So now it’s 2018, and the best way to think of iNaturalist is as the “Facebook” of biodiversity citizen science websites. It’s equal parts database and community, and there is enormous power in that combination. Amateur and professional naturalists come together from across the globe to share sightings and collate data with anyone interested. Some sightings attract a rush of activity as people clamor to identify something unusual, while others spark heated debate, eventually defaulting to the need for a geneticist to settle the score. Whether you want to host a bioblitz in your neighbourhood or just get some help from experts identifying the bugs that you find in your garden, iNaturalist can help.

South Australian marine field guides explode into being

Until last week, the Marine Life Society of South Australia had a handful of its members and a single project on iNaturalist. Then, to my delight, I discovered that a new “Collection” class of project could be created- one that made sorting and collecting data by geographical or taxonomic boundaries dead easy. Set the rules and boundaries, and projects populate themselves with data. Meaningful results in minutes! Stop me if I’m starting to sound like an infomercial.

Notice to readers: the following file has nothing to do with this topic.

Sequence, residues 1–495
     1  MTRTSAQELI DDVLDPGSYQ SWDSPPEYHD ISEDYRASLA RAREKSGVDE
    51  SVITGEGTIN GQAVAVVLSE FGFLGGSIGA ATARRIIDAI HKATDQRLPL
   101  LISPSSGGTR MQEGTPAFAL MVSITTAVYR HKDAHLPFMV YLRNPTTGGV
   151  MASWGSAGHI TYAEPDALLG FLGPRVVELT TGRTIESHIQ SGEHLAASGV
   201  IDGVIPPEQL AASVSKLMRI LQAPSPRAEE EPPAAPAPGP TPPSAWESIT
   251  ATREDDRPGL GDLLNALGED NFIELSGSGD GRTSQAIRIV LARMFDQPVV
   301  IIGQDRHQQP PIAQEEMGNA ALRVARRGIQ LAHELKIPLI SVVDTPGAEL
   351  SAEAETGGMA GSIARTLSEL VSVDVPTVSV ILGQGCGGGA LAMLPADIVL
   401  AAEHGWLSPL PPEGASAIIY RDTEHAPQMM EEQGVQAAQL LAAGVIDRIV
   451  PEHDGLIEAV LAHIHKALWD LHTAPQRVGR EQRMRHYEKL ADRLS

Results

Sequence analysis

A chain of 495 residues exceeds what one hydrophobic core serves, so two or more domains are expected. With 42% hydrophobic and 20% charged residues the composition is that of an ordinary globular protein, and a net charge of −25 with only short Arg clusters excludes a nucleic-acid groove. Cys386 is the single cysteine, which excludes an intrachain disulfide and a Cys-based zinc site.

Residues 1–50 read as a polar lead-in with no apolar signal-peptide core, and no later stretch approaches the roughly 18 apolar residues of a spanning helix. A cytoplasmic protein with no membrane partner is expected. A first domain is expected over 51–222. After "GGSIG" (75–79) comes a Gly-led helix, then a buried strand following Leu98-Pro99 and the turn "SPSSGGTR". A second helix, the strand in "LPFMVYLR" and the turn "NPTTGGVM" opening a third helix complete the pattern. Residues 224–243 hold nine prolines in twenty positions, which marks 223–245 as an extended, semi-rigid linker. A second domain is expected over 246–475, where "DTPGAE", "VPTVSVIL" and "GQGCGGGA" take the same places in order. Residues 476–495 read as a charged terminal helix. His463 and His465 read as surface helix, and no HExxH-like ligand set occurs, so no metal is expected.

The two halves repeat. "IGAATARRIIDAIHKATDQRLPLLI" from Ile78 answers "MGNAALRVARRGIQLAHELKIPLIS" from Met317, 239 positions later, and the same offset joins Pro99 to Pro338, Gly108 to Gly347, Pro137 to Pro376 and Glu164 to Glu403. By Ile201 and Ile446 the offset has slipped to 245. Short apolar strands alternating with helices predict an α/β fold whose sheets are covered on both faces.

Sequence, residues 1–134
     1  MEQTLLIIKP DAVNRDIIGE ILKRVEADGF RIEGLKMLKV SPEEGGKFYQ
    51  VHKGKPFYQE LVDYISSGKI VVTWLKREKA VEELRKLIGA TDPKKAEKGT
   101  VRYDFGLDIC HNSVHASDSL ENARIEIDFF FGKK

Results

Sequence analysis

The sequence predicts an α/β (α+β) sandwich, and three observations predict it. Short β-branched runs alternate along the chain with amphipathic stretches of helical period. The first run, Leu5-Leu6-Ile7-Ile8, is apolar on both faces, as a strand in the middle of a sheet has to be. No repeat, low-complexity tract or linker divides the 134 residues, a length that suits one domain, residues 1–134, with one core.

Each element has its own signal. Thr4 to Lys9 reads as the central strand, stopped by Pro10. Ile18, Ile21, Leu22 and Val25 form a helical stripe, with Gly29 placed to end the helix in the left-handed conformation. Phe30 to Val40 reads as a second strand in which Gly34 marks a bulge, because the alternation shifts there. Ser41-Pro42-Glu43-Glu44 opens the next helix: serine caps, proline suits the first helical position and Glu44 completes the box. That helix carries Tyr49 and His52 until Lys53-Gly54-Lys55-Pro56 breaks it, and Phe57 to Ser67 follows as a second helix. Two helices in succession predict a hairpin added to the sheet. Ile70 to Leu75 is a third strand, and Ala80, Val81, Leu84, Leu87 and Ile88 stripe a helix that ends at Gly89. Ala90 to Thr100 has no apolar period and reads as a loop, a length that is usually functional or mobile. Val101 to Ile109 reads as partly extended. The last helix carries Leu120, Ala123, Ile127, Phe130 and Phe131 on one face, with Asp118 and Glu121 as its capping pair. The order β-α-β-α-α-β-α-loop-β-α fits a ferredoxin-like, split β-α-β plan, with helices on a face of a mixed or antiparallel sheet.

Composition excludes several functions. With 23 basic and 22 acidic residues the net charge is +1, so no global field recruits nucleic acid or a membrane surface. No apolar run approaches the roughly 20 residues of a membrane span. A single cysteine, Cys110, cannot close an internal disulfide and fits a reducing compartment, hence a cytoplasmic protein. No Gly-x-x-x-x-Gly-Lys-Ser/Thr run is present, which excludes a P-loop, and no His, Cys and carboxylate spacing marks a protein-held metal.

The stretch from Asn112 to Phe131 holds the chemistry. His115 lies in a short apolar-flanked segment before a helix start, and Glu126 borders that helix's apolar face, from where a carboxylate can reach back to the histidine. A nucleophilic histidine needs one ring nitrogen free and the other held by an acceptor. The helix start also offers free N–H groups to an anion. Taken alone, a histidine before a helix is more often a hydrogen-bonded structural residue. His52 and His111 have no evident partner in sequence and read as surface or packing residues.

Godiva sp. - a first record for the Port River, identified and debated by users of iNaturalist
Godiva sp. – a first record for the Port River, identified and debated by users of iNaturalist

So anyway, I went a little nuts following this revelation and created a whole string of iNat projects dedicated to various taxa and regions of South Australia. I’m listing them below, so you can follow your fancy, or suggest another. Now, let me clarify- these are not Marine Life Society of South Australia projects, though they do include data by MLSSA members. I sincerely hope that past fans of the MLSSA Photo Index will see the merits of these new resources, and can change their habits accordingly. By contributing to and creating iNaturalist “Collection” projects, anyone can create their perfect field guide while supporting others in their quest for knowledge. We are leaving the age of the paper-based field guide behind, and I certainly won’t be shedding any tears.